September 16, 2017

Next time, just walk the Blue Jays’ Josh Donaldson

All the joy created by the back-to-back do it again Twins — and consecutive walk-off home runs hit Wednesday and Thursday — was quickly extinguished Friday by the Toronto Blue Jays.

That’s because Josh Donaldson homered and drove in the go-ahead run to beat the Twins, 4-3. Not only in Friday’s game, but for his career Donaldson is pretty much all-world when it comes to playing against the Twins, according to the Associated Press.

AP reports:

In 38 career games against the Twins, Donaldson is batting .375 with 16 doubles, 15 homers and 41 RBI. Donaldson’s on-base-plus-slugging percentage, at 1.239 entering the night, is the highest by any opposing player in Twins history including the franchise’s previous incarnation as the Washington Senators.

How about that stat? The “highest by an opposing player in Twins history,” including the Washington Senators, a team, by the way, that was formed in 1901.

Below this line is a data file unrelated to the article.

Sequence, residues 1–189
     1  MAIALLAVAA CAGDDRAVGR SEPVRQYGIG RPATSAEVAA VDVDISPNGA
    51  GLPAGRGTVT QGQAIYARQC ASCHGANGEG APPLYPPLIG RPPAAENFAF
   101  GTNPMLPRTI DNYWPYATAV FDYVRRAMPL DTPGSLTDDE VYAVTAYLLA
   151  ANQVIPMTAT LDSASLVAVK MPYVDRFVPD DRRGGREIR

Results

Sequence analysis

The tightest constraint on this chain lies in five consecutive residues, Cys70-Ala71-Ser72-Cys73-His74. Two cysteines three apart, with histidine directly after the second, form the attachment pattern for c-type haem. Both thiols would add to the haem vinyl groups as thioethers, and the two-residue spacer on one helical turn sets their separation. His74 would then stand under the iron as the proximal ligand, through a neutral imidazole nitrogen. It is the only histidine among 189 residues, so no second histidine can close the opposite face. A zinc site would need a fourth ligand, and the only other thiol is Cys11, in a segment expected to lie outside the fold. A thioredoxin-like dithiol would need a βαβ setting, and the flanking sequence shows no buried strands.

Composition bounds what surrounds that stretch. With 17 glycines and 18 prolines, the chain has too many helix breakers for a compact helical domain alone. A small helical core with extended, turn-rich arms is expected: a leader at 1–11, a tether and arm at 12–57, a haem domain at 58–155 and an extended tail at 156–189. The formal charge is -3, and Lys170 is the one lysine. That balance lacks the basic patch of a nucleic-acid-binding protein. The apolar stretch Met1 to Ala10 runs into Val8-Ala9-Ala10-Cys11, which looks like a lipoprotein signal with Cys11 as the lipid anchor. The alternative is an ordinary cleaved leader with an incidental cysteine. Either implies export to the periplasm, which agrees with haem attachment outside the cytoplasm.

So, the Twins and Blue Jays have split the first two games of the series. Now, it’s time to get serious. The Twins need to win Saturday and Sunday, not only to enhance their record before they leave for New York, but also to keep the Los Angeles Angels of Anaheim at bay. The Halos won Friday, so they moved to within two games of the second wild card spot in the American League.

Adalberto Mejia, fresh off the disabled list, gets the ball Saturday.

Extra innings…

-Brian Dozier hit home run No. 31 Friday night.

COMMENTS

Hi, I’m Rolf Boone and I love the Twins.

I became a fan of the Minnesota Twins after a friendly wager in the early 1980s. I survived Ron Davis, the meltdown in Cleveland, Phil Bradley at the Kingdome and then marveled at a rising generation of stars and two World Series wins in 1987 and 1991. Brad Radke made the 1990s bearable, while Kirby Puckett’s eye injury, exit from the game and eventual death made it almost too much to bear. The new century ushered in more talent — Joe Mauer, Johan Santana, Joe Nathan, Torii Hunter, Justin Morneau — and consecutive seasons of playoff baseball, followed by consecutive seasons of losing baseball. A winning season returned in 2015. So here we are. Go Twins.